A first step toward this goal is in seeking an equal reciprocal exchange: Equal reciprocal exchange that can achieve diversity and is able to address institutional normativity has to be aware of historical and colonial power relations that structure our thinking. For an equal exchange with reciprocal engagement, there is the need to establish a mutual recognition and a democratizing of processes that are based on respect and equal power of decision-making of all the ones involved. The guiding perspective has to be multiple and aware of hegemonies, processes of institutionalized discrimination, and their entanglements with colonial power relations. Within the admissions process to art schools and the hiring of faculty, there is the need for particular conditions of recognition that allow groups and individuals to experience themselves in relations of self-confidence, self-respect and self-assessment (Castro Varela and Mecheril 2010: 89). If this is neglected, there necessarily will be a disregard and marginalization of certain interests and thus a confinement of Other perspectives to the less powerful position of the ‘known’. But if a critical self-awareness of members of the institution becomes self-evident and if a self-critical sensibility to power relations is set as a strategic priority of the institution itself, we believe that the overdue decolonization of Western art institutions can be started off.
Cultural and Gender Studies scholar, Sophie Voegele has a rich experience in supervising and implementing projects within Higher Education Institutions. She currently is involved in the management of the Institute for Art Education (iae.zhdk.ch) at the Zurich University of the Arts, Switzerland after having co-led the research project “Art.School.Differences. Researching Inequalities and Normativities in the Field of Higher Art Education” along with Philippe Saner (for more information, see bit.ly/a_s_d). She pursues a PhD degree in Sociology from the York University in Toronto, Canada. Her experience along to the field of Higher Education and Art Education is in asylum seeking processes in Switzerland and in Quality Management within Social Work and Health. She also did fieldwork in Rajasthan, India working on processes of decentralization and women's rights. She has taught at several institutions, among them the University of Basel, York University Toronto, University of Applied Sciences Bern and the University of Arts Zurich.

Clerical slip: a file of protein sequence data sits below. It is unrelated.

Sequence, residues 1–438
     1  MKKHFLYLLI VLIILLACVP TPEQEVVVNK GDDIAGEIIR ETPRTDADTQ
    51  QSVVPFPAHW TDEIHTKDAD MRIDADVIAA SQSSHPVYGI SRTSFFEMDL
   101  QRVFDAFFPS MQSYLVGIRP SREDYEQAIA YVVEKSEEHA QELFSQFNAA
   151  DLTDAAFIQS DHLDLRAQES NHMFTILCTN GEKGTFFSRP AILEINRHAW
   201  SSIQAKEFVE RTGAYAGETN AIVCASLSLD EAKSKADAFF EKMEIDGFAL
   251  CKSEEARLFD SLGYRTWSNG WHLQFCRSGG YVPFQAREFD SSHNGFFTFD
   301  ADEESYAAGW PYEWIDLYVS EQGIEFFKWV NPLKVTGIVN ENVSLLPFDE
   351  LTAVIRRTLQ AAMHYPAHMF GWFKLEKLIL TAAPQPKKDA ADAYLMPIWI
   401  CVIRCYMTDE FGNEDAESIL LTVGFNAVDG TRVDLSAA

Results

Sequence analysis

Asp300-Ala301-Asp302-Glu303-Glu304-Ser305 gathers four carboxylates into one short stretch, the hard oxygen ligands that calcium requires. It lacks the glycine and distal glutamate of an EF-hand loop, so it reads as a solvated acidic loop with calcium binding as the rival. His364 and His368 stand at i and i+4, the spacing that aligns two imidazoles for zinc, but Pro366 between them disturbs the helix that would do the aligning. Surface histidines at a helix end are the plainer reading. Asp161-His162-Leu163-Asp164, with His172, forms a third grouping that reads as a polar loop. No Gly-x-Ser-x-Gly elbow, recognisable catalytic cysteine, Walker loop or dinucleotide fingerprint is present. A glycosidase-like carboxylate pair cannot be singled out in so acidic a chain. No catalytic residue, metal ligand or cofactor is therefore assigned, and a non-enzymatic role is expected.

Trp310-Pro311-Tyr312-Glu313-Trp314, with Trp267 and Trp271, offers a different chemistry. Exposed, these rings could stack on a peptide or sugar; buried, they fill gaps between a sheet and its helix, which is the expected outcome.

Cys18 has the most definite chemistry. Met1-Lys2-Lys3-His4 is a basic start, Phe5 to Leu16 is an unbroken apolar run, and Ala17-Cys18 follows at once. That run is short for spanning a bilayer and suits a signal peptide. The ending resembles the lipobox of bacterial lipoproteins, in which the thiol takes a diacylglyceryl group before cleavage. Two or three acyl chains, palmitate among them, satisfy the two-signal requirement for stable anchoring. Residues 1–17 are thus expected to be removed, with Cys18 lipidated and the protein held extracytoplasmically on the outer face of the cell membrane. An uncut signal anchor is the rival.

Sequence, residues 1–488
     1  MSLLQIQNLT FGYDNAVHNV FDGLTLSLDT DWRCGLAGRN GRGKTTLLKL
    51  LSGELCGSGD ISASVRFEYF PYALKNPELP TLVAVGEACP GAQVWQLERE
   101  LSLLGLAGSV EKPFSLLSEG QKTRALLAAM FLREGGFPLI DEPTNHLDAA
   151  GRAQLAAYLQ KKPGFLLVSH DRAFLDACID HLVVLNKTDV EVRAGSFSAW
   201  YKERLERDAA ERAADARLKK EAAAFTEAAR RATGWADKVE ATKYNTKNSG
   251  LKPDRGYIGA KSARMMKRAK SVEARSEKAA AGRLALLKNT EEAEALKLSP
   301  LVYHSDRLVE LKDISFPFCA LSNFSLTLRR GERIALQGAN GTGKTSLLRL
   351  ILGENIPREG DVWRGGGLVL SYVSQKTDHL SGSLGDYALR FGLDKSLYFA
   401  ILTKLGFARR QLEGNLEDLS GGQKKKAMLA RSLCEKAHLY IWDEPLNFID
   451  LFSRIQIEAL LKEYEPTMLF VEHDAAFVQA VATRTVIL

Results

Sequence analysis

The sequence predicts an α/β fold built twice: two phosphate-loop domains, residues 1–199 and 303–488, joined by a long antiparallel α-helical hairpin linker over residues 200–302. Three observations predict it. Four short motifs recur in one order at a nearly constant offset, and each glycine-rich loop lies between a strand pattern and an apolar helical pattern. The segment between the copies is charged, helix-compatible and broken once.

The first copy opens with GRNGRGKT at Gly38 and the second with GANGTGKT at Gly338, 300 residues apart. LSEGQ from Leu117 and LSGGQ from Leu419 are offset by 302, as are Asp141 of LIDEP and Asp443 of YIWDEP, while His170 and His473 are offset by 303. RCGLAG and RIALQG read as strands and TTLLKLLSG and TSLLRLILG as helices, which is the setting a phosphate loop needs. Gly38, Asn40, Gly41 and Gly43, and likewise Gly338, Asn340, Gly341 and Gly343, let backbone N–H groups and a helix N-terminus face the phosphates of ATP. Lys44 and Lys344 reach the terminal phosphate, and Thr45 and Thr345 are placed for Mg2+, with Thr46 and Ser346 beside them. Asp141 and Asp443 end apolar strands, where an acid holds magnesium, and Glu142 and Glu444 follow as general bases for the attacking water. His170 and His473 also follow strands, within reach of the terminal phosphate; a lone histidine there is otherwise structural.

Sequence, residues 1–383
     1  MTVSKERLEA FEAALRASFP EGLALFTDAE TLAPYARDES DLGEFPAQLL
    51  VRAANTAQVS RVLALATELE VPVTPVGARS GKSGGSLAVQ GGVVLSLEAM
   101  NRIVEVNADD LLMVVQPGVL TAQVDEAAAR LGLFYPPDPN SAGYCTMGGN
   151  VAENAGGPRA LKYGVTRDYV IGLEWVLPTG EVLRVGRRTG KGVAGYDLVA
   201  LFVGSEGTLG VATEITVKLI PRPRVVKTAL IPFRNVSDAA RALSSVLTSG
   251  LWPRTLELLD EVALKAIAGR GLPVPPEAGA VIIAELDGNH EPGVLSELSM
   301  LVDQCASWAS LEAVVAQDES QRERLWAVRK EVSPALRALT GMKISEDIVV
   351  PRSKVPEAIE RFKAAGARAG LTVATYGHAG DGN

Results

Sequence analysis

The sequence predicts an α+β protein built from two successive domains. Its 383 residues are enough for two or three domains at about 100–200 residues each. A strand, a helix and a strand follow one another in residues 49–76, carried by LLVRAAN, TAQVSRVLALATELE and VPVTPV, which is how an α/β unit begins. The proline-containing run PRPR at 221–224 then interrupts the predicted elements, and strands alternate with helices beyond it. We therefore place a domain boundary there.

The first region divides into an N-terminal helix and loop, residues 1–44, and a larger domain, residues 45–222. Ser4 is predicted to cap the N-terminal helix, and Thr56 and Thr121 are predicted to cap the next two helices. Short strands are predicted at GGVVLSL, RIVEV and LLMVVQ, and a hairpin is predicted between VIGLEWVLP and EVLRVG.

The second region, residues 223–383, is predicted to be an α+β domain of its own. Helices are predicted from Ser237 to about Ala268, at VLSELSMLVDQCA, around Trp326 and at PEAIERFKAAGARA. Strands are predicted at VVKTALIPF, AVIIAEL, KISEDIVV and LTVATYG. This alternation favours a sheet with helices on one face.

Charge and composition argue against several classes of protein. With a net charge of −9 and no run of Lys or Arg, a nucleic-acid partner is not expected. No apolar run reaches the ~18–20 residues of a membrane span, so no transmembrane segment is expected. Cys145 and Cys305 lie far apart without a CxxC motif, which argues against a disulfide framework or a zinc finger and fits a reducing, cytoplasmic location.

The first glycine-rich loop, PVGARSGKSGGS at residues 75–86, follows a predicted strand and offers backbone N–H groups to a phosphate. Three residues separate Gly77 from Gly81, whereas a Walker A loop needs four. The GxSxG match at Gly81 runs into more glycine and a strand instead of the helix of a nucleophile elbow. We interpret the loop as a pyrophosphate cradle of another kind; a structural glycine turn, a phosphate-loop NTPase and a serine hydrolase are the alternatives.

Her research areas comprise: Processes of Othering, theories of representation, action research, Critical Development Studies, Post_colonial theories, feminist theories, queer theory, critical race theory.
After studies in Sociology, Political Science and Media Studies, he graduated in 2014 with a master thesis on the reproduction of social inequalities by and through the Swiss higher education field at the University of Lucerne. He was a research associate and co-leader of the research project “Art.School.Differences. Researching Inequalities and Normativities in the Field of Higher Art Education” at Zurich University of the Arts (together with Sophie Vögele).
His research interests and publications include the following areas: Sociology of education, culture and art; (global) social inequalities; sociology of economy and financial markets as well as political economy. Since January 2017 he is a research associate and doctoral student in the project „Facing Big Data: Methods and skills needed for a 21st century sociology“ (PI: Prof. Sophie Mützel, PhD), funded by the Swiss National Science Foundation within the National Research Programme 75 on Big Data at the University of Lucerne.
ii For more information on Art.School.Differences see online: bit.ly/a_s_d (last access: 30.4.2017). For the final research report containing our comprehensive findings refer to Saner, Vögele, and Vessely (2016).
iii María do Mar Castro Varela made this comment during her keynote at the ‚Conference on Gender and Migration in Different Tracks of Higher Education’ at the Swiss Federal Institute For Vocational Training (SFIVET) in Zollikofen, Bern on 31.10/01.11.2014.